Skip to comments.Red-green majority shrinking (Norway)
Posted on 09/02/2005 6:07:53 AM PDT by franksolich
The latest round of opinion polls hints that the national elections on Sep. 12 will contain considerable excitement in terms of producing a majority government.
The red-green coalition of the Labor (Ap), Socialist Left (SV) and Center (Sp) parties remain vastly more popular than the tripartite center-right governing alliance, but the prospects of a clear left-leaning parliamentary majority are not so clear.
In the latest poll by AC Nielsen for the Newspapers' News Agency (ANB), SV fell back fully three percent points from June measurements, to 12.8 percent, just marginally better than their 2001 showing. In compensation, Labor advanced 1.2 percent points to 30.6 percent, which is where they seem to be stabilizing on various surveys.
The red-green coalition would win 88 parliamentary seats according to the latest Nielsen poll, just three more than needed for a majority.
The Progress Party (Fr.P) stumbled, losing 1.9 percent points, while all of the governing coalition partners - the Conservative (H), Christian Democrat (Kr.F) and Liberal (V) parties, advanced.
Election researcher Bernt Aardal expects the closing days of the campaign to be decisive.
"The last week will be completely decisive. The parties that manage to call out their reserves have a lot to win," said Aardal, who pointed out that in 2001 as many as 300,000 voters waited until election day to decide which party they would support.
The Liberal Party needs to reach 4 percent support to win extra parliamentary seats, and is at 3.9 in both the Nielsen and a new Sentio poll for newspaper Nationen.
The Sentio measures the red-green support at 87 seats, even closer than the Nielsen.
The latest Opinion poll for Aftenposten also gives the red-green alliance 87 seats, but shows a marked drop in Labor support, though they still poll 29.9 percent.
Opinion consultant Tonje Haugberg believed that the major swings in the latest poll - drops for Labor and Progress Party are natural corrections to extreme measurements in the previous survey, but also credited changes in public mood as a contributing factor.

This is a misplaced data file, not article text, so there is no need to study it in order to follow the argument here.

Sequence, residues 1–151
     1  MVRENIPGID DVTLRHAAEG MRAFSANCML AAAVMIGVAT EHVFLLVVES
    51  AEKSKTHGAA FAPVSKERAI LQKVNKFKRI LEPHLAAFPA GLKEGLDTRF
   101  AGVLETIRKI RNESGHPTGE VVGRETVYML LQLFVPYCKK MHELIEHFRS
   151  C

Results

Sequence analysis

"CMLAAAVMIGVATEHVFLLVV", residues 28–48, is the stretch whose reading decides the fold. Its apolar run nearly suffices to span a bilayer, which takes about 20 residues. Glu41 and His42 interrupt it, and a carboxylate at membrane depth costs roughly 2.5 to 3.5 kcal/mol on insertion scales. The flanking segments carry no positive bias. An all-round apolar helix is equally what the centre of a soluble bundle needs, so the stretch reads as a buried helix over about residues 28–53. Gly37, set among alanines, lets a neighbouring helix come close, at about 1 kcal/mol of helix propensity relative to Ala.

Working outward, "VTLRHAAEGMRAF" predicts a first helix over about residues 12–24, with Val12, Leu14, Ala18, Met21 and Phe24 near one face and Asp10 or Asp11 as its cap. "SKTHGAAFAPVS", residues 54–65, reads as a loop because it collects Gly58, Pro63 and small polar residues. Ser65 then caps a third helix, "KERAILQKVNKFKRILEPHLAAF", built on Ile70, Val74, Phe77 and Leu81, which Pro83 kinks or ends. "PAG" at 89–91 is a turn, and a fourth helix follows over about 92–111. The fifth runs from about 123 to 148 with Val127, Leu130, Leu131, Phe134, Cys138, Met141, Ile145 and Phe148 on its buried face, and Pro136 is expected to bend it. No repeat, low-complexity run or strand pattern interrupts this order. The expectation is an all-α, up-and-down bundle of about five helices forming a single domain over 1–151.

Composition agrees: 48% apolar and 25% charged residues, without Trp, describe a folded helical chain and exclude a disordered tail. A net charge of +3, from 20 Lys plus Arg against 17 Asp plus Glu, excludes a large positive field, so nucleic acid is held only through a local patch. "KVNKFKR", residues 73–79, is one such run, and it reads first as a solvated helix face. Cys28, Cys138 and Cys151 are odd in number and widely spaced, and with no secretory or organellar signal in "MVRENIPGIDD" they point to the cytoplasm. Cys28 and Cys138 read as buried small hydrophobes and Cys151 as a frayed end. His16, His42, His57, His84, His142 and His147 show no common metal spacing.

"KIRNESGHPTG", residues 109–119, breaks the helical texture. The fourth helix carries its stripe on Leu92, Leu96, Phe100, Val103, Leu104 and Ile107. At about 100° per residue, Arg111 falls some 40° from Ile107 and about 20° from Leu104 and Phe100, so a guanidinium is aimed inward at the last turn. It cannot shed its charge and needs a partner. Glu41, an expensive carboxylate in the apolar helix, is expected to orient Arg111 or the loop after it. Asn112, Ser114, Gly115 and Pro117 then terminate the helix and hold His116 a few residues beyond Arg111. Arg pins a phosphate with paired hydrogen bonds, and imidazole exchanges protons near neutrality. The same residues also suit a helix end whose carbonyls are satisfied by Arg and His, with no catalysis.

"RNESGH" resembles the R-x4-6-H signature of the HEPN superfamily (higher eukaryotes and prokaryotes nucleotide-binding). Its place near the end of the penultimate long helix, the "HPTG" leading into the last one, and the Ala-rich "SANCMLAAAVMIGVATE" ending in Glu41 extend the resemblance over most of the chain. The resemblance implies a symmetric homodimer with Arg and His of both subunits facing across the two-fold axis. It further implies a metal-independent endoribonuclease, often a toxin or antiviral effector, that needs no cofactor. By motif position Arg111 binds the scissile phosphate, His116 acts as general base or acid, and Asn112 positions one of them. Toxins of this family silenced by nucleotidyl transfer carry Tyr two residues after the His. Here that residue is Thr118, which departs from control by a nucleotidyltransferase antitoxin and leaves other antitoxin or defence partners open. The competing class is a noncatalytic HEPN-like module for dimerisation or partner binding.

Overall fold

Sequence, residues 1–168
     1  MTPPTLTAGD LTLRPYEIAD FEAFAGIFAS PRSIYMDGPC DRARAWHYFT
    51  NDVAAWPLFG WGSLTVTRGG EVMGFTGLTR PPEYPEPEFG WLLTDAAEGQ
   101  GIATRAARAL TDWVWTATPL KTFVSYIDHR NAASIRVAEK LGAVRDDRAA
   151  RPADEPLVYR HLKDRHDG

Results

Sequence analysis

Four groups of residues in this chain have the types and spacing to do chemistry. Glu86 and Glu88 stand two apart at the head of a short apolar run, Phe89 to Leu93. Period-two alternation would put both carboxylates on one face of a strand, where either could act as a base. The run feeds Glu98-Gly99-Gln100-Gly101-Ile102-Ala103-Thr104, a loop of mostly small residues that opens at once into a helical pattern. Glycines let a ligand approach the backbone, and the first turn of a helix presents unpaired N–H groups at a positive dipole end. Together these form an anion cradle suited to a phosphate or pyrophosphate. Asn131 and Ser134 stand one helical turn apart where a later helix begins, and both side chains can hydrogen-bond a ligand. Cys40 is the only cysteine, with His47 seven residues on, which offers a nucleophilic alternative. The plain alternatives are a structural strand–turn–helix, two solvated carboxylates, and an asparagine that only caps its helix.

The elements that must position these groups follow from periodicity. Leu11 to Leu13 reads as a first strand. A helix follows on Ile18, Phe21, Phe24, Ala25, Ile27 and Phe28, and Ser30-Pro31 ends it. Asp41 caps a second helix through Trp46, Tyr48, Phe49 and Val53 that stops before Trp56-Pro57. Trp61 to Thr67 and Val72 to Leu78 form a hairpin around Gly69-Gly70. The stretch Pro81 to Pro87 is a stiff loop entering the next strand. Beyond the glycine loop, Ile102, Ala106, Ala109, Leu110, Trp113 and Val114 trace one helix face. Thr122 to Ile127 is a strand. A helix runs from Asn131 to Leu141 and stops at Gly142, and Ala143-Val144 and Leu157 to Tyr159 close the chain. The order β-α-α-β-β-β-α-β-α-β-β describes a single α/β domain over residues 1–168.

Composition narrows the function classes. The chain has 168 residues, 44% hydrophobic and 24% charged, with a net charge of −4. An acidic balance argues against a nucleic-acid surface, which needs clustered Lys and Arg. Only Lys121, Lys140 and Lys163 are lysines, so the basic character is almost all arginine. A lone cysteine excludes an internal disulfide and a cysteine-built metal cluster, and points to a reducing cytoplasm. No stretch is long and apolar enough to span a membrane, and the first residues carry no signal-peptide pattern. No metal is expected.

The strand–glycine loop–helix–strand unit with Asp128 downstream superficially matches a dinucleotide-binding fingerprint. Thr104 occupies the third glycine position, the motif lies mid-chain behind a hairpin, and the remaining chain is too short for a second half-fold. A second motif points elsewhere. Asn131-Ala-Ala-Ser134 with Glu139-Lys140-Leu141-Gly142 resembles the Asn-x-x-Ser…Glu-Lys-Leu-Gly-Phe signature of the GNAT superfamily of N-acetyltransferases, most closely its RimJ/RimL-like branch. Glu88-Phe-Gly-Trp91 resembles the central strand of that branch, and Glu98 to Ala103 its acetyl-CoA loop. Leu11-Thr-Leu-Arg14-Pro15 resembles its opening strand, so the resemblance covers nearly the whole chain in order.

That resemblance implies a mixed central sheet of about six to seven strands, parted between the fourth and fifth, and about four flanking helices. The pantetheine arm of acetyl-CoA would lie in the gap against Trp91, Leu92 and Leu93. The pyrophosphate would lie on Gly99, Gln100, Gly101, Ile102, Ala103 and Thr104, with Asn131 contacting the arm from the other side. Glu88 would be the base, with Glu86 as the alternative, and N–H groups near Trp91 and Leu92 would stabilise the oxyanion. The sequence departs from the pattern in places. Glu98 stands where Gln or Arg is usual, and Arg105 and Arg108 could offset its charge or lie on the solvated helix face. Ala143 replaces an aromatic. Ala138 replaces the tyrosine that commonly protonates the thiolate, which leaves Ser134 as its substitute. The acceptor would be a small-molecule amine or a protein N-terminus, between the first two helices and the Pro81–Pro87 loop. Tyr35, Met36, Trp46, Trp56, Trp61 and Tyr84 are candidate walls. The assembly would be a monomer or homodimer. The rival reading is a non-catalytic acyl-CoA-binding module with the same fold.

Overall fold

The Progress and Conservative parties are about the same size on the latest Opinion poll, and one interesting aspect of the coming election is to see which party will emerge as the largest non-socialist option.
That could be a rather exciting election in Norway, what with the numbers so close.
Remember my predictions about the September elections that I stated last April; it surely tends that way now.
I had of course predicted that the left would start to argue among themselves--as the left traditionally does, splintering into factions, none with any control.
I had also predicted such internecine infighting might come AFTER the elections, making these parties, if in fact elected ten days hence, a rather short-lived government.
I have come to love Norway from extensive service there, but have always found it sad to see that beautiful country and its good people mired in stifling socialism. So it is refreshing to hear that a growing number of Norwegians are beginning to question their socialist mindset. If not for the Kingdom's fairly recent wealth from North Sea oil, Norwegian socialism would have already collapsed...
Then why is Sweden, where government spending accounts for ten percent more of GDP than in Norway, still holding together? And how come Denmark, with similar policies, hasn't collapsed?
People need to get away from the idea that the Scandinavian countries represent the ideals of the American left. Sweden, the most socialist country in Scandinavia, has fully voucherised education. I dear say dummies wouldn't approve.
Oh, and by the way, the Norwegian government doesn't spend oil money, only a fraction of the capital income generated by the oil fund, where oil revenue is invested.
Yup. Sweden has also abolished inheritance taxation. In Finland, most cities have outsourced road maintenance, local utility companies are private etc. The number of state employees has fallen drastically in the last 10 years. Of course, they still have outrageous income taxation but the government more and more buys public services from open market service providers.
Thats how it works in Norway too. The state buys service from private companies
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